On Sunday February 9th, 1969 the Northeast was hit with a snowstorm that started in the Carolina’s and moved up the coast. Weather forecasters confidently predicted that the precipitation would change to rain by the afternoon, but Mother Nature had something different in mind. Instead the storm intensified and dumped more than 17 inches of snow on New York City and 20 inches on Long Island.
It wasn’t quite the storm of the century but it had quite an impact on the Northeast, the political future of John V. Lindsay, the mayor of New York City and a hockey game between the Rangers and the Flyers that was scheduled to be played that night at Madison Square Garden.
These days the NHL would probably postpone the game due to the traveling conditions for both the teams and the fans. But back in 1969, if there was a game scheduled, they did the best they could to play it.
At the time a large contingent of Rangers made their winter homes in Long Beach, a bedroom community about 25 miles east of Manhattan on the south shore of Long Island. Sensing that a heavy, stable vehicle would be needed, Arnie Brown commandeered teammate Orland Kurtenbach’s station wagon and started the long trek to the city, picking up fellow Rangers along the way. Ron Stewart, Reggie Fleming, Dave Balon, Rod Seiling, Walt Tkaczuk, Brad Park, Vic Hadfield and Jim Neilson all piled into the station wagon and ultimately took turns driving and pushing the car through the snow covered roads. “A little snow never hurt anybody”, Brown told reporters when he finally arrived at the Garden. “We rode over dividers, through snow banks, everything”. “I never saw anything like it” said Balon a native of Wakaw, Saskatchewan that sees it’s share of snow each winter.
Meanwhile Donnie Marshall, Phil Goyette and Harry Howell needed a police escort to make it from their Glen Oaks homes in Queens to the subway that took them to the Garden.
Back up goaltender Don Simmons came to the Garden earlier in the day before travel conditions became difficult. And city dwellers Rod Gilbert and Bob Nevin took a cab from their Upper East Side apartments.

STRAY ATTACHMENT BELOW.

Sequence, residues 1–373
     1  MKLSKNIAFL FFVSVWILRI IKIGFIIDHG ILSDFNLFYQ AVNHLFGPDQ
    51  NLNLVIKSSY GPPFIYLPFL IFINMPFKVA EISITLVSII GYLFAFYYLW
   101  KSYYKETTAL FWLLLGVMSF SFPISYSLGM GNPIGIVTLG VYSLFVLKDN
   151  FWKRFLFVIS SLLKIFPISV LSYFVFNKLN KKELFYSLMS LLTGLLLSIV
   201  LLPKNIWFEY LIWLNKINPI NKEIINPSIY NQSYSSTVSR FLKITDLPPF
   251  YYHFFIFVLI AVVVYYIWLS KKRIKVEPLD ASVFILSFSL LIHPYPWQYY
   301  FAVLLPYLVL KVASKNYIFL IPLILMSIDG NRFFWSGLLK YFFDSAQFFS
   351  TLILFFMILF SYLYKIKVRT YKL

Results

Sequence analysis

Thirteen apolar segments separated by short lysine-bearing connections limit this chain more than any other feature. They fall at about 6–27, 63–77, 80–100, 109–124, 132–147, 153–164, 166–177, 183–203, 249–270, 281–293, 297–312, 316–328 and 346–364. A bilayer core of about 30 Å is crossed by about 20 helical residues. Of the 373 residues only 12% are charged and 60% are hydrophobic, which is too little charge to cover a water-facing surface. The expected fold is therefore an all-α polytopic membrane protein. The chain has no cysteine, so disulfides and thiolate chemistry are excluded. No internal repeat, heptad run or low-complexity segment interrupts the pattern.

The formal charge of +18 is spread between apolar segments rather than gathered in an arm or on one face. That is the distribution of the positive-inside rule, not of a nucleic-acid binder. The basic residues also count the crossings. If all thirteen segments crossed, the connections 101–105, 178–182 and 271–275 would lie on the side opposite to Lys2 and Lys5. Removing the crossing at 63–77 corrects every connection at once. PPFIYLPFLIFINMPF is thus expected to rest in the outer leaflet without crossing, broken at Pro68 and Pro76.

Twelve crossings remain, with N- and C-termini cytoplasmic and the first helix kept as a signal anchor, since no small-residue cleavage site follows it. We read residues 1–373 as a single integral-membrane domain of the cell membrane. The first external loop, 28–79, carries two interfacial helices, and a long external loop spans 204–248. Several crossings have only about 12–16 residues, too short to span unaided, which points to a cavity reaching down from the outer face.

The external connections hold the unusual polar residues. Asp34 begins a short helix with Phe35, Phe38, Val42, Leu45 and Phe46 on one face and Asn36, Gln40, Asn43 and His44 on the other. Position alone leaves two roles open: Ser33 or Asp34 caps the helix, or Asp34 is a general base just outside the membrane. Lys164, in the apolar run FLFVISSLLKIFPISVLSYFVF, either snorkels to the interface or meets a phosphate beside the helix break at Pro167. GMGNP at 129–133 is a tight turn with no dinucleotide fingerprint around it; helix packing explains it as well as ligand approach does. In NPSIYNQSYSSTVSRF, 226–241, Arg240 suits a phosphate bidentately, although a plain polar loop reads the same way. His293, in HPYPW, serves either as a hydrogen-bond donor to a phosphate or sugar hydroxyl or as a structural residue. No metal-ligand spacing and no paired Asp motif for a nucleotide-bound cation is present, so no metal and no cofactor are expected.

But as the afternoon progressed, there was no sign of starting goaltender Eddie Giacomin as well as Jean Ratelle and Larry Jeffrey. Sensing that he might not have the requisite two netminders available for the game. General Manager, Coach and former goalkeeper Emile Francis signed himself to a $1 contract in case a back up for Simmons was needed. Francis was 43 at the time and hadn’t played since he retired in 1960, but this was an emergency and if he was needed, he was ready.
It turned out that at 3 pm Ratelle, Giacomin and Jeffrey hopped on a Long Island Rail Road train bound for Penn Station, right beneath the Garden. But they never made it. The train got stuck in Elmhurst, Queens and they spent the night on the train until the tracks were cleared the next morning.
The Rangers opponent that night, the Philadelphia Flyers had played in Boston the previous night and were experiencing their own travel problems. Their train was stuck at a frozen railroad switch north of the city.
So at the usual 7:05 pm starting time, the visitors locker room was empty. The Flyers eventually made it to the Garden by 8pm, but their equipment didn’t show up for another 30 nervous minutes later at 8:30.
The game finally started at 9:15 pm with 5,273 hardy souls in the stands.
Guy Gendron scored for the Flyers 5:30 into the first period, Then Don Blackburn made it 2-0 in the second period and things really looked bleak for the Blueshirts when Andre Lacroix made it 3-0 early in the third period.
But then the Rangers stormed back on goals by Tkaczuk and Goyette making it 3-2 with about five minutes left. Francis pulled Simmons with 40 seconds left in the game and Bob Nevin scored to tie the game.
“What a night this has been!” Francis later told reporters..
“Okay guys”, Brown was heard yelling in the dressing room, “ready for the ride home?”
The Rangers night might have been over but the fallout from the storm didn’t end so quickly for the city or Mayor Lindsay. The city and suburbs were paralyzed for three days and the streets of Queens were snow covered for a week causing a disruption in mail service, buses, milk and bread deliveries and trash collection. Lindsay was heavily criticized for not responding to the situation quickly enough and jeered when he tried to make a good will visit to Queens later in the week.
Later that year he lost the Republican Mayoral primary, but ran as an independent and won re-election. However he was never really able to shake what became known as the “Lindsay Snowstorm” and his political career, including a failed run for the Democratic Presidential nomination in 1972 was never the same.